Alabama Crimson Tide Football

NCAA Legislating Instagram Is Just Another Out-of-Touch Decision

INDIANAPOLIS, IN - JULY 23: NCAA president Mark Emmert (R) speaks as Ed Ray, chairman of the NCAA's executive committee and Oregon State president looks on, during a press conference at the NCAA's headquarters to announce sanctions against Penn State University's football program on July 23, 2012 in Indianapolis, Indiana. The sanctions are a result of a report that the university concealed allegations of child sexual abuse made against former defensive coordinator Jerry Sandusky, who was found guilty on 45 of 48 counts related to sexual abuse of boys over a 15-year period. (Photo by Joe Robbins/Getty Images)
Joe Robbins/Getty Images
Michael FelderNational CFB Lead WriterOctober 11, 2012

The NCAA has done it again, folks. While people turned to the NCAA to "handle" the Penn State situation based on the organization's moral authority, many of us were looking at the Keystone Cops in Indy and not expecting much. 

It delivered in spades, as the NCAA got back to what it does best: prove just how disconnected and out of touch it is in general.

Instagram.

Yes, the social media picture-sharing application is the latest to get the big ax from the gang in Indianapolis. From John Infante, proprietor of the Bylaw Blog:

The NCAA has banned the use of @instagram filters in recruiting: athleticscholarships.net/2012/10/10/nca…

— John Infante (@John_Infante) October 10, 2012

 

The ban was revealed though an educational column over at NCAA.org:

Question: May a coach take a photo and use software (e.g., Instagram, Photoshop, Camera Awesome, Camera+,) to enhance the content of the photo (e.g., changed color of photo to sepia tones or add content to the photograph), and send it to a prospective student-athlete as an attachment it to an email or direct social media message?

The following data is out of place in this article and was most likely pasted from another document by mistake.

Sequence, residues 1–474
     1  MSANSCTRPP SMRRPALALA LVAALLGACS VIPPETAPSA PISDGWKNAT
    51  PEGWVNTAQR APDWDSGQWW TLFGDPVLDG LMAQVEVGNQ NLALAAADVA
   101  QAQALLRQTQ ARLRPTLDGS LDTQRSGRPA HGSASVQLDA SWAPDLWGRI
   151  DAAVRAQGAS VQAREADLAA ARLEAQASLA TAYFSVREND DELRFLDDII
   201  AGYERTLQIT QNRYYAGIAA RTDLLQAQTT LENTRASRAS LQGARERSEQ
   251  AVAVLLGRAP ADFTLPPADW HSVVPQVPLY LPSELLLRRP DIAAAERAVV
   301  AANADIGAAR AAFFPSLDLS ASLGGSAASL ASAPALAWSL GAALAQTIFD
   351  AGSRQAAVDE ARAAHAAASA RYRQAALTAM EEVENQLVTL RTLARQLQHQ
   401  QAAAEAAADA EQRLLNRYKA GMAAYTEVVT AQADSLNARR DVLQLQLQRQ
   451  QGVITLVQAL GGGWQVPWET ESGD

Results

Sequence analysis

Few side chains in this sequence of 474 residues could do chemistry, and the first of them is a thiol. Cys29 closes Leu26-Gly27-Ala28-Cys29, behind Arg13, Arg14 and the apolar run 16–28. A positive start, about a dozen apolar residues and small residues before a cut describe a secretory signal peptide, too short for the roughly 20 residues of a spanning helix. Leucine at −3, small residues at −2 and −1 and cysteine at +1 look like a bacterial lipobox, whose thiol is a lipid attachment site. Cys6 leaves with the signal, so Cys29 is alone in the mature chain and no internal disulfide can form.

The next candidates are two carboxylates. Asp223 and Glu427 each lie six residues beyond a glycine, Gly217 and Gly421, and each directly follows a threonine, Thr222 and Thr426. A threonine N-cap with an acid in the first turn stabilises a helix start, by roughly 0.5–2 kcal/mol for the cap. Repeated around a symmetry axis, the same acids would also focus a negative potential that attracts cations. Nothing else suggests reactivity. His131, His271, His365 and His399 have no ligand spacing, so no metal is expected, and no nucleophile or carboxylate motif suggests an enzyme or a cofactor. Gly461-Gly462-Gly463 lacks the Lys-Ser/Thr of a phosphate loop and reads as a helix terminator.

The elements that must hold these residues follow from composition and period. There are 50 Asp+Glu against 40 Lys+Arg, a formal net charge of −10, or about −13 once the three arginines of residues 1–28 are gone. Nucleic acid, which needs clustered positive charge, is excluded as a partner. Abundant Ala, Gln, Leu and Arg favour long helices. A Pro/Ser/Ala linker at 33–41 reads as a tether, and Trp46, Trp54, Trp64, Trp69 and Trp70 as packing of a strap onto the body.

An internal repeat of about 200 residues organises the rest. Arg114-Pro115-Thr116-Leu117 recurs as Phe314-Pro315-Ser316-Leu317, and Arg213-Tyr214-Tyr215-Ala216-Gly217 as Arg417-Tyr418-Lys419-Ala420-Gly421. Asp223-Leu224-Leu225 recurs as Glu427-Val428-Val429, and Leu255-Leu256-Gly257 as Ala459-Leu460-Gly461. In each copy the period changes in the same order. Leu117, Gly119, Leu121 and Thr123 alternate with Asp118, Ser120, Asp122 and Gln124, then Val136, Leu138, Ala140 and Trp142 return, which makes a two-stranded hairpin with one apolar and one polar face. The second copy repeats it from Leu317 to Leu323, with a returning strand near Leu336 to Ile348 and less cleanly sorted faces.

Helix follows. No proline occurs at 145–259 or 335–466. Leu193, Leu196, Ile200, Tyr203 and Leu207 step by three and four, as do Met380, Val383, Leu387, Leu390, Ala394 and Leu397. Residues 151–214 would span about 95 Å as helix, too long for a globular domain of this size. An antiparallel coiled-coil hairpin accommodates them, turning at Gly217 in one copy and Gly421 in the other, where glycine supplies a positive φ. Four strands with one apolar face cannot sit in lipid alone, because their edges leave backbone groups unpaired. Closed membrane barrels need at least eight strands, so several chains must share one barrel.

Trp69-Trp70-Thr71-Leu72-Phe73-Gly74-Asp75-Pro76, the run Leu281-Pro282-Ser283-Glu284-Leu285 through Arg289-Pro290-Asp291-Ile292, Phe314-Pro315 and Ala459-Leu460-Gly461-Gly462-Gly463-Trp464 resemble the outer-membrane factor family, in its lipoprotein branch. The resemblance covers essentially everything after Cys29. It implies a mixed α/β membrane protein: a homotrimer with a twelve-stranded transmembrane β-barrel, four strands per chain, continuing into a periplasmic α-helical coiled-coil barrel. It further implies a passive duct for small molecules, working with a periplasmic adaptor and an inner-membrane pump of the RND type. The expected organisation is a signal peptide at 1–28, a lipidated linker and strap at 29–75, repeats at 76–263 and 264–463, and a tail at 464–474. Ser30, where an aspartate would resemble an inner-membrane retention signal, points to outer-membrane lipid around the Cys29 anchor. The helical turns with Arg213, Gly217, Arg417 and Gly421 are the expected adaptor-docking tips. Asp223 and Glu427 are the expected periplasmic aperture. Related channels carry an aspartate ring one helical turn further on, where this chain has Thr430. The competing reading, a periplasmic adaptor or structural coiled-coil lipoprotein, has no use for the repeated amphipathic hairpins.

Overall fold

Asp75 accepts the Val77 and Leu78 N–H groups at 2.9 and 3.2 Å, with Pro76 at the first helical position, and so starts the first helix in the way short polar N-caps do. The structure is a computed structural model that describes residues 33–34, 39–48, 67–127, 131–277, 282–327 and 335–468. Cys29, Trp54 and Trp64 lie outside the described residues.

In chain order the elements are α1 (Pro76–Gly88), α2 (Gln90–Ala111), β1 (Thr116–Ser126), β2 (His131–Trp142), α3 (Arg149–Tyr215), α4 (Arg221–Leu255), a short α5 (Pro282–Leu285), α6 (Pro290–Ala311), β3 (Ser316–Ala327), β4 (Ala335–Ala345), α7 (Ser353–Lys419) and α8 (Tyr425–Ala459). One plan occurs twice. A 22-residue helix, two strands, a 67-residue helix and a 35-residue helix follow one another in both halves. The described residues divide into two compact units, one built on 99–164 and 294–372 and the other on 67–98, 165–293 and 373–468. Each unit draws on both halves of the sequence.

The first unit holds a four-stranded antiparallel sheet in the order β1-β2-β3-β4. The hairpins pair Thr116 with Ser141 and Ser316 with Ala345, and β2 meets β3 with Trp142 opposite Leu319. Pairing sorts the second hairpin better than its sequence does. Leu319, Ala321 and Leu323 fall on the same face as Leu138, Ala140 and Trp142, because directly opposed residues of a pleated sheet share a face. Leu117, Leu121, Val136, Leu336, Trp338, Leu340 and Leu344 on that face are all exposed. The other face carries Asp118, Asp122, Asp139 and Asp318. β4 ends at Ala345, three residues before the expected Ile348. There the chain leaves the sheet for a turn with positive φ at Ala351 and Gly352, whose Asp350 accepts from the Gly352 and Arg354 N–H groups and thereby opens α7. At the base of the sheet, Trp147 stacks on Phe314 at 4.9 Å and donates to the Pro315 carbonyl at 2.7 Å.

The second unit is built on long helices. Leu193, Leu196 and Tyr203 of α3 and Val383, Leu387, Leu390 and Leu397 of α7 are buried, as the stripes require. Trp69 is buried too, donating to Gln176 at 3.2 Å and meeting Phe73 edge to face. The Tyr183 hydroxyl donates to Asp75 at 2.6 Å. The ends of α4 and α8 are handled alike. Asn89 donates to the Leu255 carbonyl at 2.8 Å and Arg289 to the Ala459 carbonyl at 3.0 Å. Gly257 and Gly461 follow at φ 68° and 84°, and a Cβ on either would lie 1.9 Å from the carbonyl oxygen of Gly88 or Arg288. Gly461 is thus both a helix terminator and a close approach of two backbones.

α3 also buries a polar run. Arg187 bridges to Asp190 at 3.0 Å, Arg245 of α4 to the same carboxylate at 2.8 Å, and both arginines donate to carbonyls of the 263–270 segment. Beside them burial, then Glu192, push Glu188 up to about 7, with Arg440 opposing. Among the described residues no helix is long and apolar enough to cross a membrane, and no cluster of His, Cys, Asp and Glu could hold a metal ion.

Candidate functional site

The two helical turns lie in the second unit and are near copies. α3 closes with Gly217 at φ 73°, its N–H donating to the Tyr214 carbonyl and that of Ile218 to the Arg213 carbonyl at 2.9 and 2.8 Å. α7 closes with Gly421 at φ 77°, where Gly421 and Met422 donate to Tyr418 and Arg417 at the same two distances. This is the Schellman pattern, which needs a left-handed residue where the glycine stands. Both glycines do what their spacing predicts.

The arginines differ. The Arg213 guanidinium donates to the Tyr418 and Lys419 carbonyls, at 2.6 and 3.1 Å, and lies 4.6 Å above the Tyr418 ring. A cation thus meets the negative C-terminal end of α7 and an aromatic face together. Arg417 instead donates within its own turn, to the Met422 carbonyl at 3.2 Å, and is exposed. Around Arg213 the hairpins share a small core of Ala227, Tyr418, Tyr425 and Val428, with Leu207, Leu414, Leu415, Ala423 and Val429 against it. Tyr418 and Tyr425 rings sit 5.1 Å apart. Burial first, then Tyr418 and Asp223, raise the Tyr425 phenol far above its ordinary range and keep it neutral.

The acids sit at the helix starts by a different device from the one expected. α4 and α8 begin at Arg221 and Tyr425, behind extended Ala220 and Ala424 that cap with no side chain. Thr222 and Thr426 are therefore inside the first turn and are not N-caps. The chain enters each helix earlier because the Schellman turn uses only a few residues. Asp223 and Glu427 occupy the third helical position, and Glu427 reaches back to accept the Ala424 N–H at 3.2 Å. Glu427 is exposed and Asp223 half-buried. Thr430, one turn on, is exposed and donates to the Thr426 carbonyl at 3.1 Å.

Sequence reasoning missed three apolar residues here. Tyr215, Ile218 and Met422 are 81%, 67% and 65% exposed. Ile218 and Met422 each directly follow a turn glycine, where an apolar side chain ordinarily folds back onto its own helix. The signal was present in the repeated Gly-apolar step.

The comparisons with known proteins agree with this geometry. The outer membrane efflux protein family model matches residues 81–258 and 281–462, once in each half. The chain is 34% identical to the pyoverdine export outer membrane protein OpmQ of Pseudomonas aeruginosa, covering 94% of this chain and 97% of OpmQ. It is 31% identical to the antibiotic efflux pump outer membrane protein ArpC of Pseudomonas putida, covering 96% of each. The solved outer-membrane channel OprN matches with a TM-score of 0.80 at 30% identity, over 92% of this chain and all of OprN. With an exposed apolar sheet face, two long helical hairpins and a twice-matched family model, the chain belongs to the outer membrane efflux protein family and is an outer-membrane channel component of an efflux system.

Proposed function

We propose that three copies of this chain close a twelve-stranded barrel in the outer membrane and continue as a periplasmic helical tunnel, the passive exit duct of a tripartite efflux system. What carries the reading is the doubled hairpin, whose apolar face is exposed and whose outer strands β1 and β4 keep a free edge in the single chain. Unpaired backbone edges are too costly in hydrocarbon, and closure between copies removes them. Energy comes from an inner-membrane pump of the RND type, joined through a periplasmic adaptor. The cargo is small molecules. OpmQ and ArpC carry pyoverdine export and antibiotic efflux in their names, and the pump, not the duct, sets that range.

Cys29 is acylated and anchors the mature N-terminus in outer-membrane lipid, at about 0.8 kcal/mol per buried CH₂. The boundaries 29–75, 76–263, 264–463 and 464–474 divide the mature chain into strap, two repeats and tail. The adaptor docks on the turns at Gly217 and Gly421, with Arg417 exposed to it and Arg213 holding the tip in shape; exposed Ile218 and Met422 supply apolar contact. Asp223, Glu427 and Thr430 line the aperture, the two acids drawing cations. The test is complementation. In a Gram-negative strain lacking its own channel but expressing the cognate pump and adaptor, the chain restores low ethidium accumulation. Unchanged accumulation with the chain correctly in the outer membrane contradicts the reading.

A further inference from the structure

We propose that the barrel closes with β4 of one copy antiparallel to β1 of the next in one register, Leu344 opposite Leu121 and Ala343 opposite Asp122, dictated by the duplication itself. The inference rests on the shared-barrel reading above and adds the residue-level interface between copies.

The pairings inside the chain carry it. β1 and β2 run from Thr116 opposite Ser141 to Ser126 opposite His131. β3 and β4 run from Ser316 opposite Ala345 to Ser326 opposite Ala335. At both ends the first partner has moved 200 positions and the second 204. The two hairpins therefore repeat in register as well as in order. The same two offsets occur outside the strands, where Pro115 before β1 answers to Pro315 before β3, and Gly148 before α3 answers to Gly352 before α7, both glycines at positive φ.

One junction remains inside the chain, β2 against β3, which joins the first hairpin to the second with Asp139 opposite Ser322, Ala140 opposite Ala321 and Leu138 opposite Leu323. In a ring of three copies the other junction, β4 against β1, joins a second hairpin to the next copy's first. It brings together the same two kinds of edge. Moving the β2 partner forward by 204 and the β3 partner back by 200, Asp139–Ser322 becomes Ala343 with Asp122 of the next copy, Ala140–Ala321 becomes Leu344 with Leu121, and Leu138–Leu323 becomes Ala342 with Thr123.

Answer: No, a photograph that has been altered or staged for a recruiting purpose cannot be sent to a prospective student-athlete.

This is the NCAA, folks. Making sure that recruits aren't getting super hip pics set in sepia tones to look really chill, bro. It's out to stop that assistant coach from sending that kitschy pic of his office, tweaked as only Instagram can do.

The heart of the legislation makes sense. It's trying to protect against "staged" recruiting materials, where prospective student-athletes are inserted into pictures as a way of enticing them, simulating their presence in a game experience.

Unfortunately, much like its famed cream cheese legislation, the NCAA is missing the mark here.

And when it misses the mark, it proves itself to be out of touch. However, let's not pretend that we're surprised; this is what the NCAA is.

This is the same group that people flocked to when child abuse was exposed at Penn State. This is the group you think should lead the charge for a college football playoff. This is your NCAA, people. What should we expect next?

Holly Anderson at Sports Illustrated has an idea:

 

YOU'RE NEXT PINTEREST “@john_infante: The NCAA has banned the use of @instagram filters in recruiting: athleticscholarships.net/2012/10/10/nca…

— Holly Anderson (@SIHolly) October 11, 2012

Update: The NCAA has moved to "clarify" their stance on Instagram, per the NCAA's Bob Williams:

 

Instagram is not banned. Improper recruiting is. Sorry for the confusion. Clarification: ow.ly/epuir

— BOB WILLIAMS (@NCAABob) October 11, 2012

In other words, this time from the NCAA release:

“There is no NCAA ban of Instagram. Schools just can't alter the content of photos – and to be clear, we do not consider Instagram’s filters as content alteration – and then email them directly to recruits.”

Which speaks precisely to the point made above; the NCAA missed their mark. They included Instagram, an app that let's you tweak photos to add "cool" effects, with heavy hitters like Photoshop. Out of touch, much? At least they went back and fixed that the next day, the cream cheese rule took them awhile.

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